What You Can Do About the Executive Order That Could Devastate Our National Forests
There's still time for your voice to be heard
Historically, any plan in the United States for commercialized timber activity in excess of 70 acres has required a ton of bureaucratic red tape. But the good kind of red tape, the kind that includes careful environmental analysis and gives the public an opportunity to air its concerns.
Richard Nixon made sure of that process when he signed the National Environmental Policy Act into law in 1969. NEPA, as it’s known, encourages federal agencies to review the environmental impact of projects in public lands. As it relates to the US Forest Service, the agency has relied heavily on public comments for years, and worked faithfully to balance commercial logging with conservation and recreation.
But all that might be about to change. An executive order signed by President Trump last year stated that “All applicable categorical exclusions set forth in law or regulation for fire management, restoration, and other management projects in forests, rangelands, and other Federal lands when implementing the requirements of the National Environmental Policy Act.”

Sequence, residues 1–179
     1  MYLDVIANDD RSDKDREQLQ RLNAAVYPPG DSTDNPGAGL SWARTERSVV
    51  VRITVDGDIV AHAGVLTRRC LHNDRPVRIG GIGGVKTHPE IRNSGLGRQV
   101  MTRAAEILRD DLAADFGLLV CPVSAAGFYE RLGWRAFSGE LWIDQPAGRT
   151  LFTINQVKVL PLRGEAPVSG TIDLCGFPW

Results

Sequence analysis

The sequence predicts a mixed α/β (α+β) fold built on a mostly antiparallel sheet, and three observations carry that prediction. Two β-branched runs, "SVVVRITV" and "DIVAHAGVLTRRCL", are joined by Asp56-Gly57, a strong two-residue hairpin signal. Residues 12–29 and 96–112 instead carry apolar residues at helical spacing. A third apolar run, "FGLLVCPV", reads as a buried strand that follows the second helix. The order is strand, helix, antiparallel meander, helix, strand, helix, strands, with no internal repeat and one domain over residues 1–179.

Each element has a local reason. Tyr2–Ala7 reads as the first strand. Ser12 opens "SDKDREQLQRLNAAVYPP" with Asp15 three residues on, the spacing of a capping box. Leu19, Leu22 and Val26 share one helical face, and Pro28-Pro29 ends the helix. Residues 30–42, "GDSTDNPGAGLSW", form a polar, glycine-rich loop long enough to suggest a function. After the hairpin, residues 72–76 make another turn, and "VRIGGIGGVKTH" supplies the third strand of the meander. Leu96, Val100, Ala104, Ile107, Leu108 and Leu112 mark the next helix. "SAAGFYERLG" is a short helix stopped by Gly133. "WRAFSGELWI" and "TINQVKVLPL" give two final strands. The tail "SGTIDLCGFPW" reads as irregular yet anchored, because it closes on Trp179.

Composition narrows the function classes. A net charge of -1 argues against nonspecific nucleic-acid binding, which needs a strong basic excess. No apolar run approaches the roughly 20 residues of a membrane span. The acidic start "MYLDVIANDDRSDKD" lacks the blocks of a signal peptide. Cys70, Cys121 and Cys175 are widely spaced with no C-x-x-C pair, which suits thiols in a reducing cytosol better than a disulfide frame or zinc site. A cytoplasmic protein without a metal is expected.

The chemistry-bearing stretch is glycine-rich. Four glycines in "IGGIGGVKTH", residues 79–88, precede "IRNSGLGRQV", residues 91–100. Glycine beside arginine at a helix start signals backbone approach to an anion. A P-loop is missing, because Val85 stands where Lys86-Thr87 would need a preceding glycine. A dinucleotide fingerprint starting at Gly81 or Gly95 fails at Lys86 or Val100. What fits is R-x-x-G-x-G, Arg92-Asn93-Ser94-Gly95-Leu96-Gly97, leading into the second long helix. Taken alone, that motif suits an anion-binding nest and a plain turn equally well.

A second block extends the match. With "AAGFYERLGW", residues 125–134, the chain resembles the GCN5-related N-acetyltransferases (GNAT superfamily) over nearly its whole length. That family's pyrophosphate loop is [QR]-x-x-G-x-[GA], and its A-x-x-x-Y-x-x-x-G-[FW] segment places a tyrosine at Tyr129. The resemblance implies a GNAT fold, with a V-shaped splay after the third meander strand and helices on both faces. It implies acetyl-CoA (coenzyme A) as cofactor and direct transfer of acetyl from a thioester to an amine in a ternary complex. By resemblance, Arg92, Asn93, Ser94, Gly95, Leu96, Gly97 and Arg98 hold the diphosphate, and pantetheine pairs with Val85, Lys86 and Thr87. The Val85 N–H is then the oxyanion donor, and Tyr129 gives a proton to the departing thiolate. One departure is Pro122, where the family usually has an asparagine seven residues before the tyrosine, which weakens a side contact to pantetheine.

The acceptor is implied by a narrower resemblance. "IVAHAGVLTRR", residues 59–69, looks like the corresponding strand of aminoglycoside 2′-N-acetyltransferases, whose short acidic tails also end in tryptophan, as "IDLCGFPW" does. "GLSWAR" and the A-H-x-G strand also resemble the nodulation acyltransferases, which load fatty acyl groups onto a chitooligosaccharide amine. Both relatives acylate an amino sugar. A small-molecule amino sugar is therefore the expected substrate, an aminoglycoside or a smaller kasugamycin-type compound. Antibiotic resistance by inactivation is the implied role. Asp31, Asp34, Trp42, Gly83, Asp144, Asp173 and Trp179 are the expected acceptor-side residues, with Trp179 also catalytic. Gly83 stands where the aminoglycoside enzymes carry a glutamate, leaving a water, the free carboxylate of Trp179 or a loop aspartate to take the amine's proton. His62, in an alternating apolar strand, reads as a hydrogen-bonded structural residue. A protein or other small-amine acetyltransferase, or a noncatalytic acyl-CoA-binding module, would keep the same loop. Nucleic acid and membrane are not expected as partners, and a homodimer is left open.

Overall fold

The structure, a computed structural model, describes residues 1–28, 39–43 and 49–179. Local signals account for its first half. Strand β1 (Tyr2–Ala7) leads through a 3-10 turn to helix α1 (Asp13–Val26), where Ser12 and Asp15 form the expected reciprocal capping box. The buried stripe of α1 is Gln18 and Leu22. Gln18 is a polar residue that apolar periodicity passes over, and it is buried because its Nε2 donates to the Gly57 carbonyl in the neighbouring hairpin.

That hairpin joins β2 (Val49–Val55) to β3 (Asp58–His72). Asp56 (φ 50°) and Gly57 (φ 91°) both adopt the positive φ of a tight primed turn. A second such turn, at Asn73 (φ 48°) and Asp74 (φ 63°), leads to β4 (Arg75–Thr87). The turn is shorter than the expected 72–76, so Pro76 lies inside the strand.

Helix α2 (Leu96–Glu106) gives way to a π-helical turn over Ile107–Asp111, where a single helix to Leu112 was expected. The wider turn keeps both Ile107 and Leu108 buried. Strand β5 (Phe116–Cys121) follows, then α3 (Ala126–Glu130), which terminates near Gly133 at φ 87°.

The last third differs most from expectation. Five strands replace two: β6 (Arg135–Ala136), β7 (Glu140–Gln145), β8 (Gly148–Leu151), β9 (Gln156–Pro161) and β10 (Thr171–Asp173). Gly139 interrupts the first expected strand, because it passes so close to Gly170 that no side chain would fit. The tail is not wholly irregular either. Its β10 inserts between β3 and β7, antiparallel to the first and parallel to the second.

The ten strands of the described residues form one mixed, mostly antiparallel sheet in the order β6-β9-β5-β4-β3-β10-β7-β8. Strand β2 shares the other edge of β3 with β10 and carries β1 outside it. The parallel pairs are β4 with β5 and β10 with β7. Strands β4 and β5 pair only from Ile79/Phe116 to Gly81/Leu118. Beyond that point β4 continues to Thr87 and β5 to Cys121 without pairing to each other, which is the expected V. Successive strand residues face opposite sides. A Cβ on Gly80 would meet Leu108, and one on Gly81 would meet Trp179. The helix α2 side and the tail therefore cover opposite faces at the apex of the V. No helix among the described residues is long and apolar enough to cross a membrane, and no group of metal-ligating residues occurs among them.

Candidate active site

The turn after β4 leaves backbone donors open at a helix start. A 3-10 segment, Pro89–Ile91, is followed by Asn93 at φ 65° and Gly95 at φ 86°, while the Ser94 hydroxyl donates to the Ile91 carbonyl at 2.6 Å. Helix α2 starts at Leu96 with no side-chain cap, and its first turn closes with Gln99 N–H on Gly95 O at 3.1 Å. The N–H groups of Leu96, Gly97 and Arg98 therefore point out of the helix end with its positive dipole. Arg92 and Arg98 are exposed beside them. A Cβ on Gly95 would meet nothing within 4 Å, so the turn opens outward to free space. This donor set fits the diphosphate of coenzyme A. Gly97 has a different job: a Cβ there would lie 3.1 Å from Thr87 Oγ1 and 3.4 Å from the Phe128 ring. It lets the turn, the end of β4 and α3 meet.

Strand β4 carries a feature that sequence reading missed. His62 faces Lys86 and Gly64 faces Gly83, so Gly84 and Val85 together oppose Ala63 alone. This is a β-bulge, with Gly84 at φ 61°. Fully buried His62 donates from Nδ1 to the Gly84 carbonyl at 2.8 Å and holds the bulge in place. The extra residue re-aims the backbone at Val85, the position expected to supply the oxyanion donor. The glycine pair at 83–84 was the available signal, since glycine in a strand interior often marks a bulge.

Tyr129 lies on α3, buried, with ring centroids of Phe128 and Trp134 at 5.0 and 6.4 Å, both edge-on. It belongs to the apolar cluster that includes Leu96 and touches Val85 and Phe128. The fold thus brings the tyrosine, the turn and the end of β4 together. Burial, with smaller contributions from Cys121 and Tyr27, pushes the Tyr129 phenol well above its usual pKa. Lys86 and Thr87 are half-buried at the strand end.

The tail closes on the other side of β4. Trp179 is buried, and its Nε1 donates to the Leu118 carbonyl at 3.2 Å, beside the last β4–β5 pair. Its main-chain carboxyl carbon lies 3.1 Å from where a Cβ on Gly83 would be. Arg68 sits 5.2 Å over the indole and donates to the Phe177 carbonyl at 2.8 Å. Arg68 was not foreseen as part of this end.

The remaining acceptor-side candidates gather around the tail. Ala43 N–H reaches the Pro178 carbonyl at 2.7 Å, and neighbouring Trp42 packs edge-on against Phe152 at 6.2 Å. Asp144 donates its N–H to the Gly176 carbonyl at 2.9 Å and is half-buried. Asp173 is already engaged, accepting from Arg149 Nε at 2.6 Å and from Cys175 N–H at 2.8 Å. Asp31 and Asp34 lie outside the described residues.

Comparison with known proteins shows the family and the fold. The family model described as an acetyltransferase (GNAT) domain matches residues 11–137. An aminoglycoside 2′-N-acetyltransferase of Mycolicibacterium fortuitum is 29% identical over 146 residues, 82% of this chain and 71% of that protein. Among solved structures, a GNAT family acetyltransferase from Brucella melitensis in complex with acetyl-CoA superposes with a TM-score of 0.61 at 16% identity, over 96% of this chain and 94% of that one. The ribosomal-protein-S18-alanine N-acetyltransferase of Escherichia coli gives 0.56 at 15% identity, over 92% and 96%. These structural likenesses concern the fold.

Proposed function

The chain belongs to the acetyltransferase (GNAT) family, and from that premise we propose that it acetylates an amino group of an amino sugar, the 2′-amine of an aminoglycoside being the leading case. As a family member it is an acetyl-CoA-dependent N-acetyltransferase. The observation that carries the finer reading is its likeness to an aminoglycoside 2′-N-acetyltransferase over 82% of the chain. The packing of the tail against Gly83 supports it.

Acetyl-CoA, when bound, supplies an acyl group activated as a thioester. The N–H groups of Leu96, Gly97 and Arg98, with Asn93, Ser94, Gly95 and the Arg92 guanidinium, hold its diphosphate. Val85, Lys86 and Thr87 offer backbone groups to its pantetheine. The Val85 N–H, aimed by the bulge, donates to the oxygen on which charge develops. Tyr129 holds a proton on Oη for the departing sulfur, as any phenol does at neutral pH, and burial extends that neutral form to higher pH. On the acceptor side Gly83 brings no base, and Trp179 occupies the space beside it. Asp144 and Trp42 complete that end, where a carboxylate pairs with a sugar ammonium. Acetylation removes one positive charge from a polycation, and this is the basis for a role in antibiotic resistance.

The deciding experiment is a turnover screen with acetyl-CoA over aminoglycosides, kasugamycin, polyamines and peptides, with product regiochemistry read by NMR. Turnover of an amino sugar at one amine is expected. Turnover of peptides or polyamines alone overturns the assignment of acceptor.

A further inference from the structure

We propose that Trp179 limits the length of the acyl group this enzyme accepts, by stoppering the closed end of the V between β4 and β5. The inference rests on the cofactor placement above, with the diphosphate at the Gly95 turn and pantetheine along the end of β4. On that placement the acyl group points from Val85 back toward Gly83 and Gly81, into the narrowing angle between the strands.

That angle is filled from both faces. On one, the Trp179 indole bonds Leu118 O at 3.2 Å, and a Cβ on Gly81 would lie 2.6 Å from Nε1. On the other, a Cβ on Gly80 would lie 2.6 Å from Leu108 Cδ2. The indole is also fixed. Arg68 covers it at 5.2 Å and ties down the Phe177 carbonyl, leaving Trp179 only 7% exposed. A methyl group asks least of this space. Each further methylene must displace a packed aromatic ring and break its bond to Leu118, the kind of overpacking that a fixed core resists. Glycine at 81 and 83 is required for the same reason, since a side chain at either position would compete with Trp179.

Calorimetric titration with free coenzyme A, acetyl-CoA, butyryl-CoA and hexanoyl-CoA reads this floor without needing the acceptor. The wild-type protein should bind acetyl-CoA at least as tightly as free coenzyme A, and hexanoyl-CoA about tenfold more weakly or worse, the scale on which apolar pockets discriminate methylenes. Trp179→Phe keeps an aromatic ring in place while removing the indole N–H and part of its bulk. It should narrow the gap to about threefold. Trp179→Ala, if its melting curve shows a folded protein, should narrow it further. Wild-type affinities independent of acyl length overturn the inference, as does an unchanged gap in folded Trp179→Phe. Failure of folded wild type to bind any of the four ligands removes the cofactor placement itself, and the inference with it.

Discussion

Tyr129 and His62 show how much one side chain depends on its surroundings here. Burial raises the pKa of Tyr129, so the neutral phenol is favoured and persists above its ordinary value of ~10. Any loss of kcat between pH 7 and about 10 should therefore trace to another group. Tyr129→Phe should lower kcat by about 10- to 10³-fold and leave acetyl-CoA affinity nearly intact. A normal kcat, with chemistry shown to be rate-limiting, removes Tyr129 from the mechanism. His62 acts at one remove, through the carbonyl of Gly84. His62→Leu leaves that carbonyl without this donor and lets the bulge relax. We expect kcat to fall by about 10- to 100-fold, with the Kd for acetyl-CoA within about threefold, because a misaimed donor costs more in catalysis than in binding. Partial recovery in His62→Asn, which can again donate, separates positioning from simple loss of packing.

That’s a mouthful, but you want to hone in on the phrase “categorical exclusions.” While the order was written under the guise of addressing raging wildfires out west, the Forest Service’s firefighting budget for 2020 has been slashed by an astonishing $530 billion. The real reason for those categorial exclusions, then, appears to be that it created a loophole through which American timber output can increase, virtually unchecked.
A recent proposed rule outlines a system where commercial timber activities of fewer than 4,200 acres are not subject to environmental analysis, or public comment. Let that sink in for a moment. Before, any tract of at least 70 acres was subject to review. Under the new rules, logging projects up to four-thousand acres can be blank-checked. That amounts to 6.5-square-mile blocks, and because the rule only applies to single projects, the Forest Service could conceivably allow logging companies to chop down massive swaths of connected land over time.
The other day, Ethiopia planted 350 million trees in 12 hours. Talk about doing their part, especially considering that country didn’t have a huge hand in getting us into the current climate nightmare. Whether you care about the future of the planet or simply have a few beloved hiking spots around this country, you should be upset. And while the public comment clause still matters (and exists), you should use it. Head here, where there are already over 15,000 comments on the proposal, and give them a piece of your patriotic mind.
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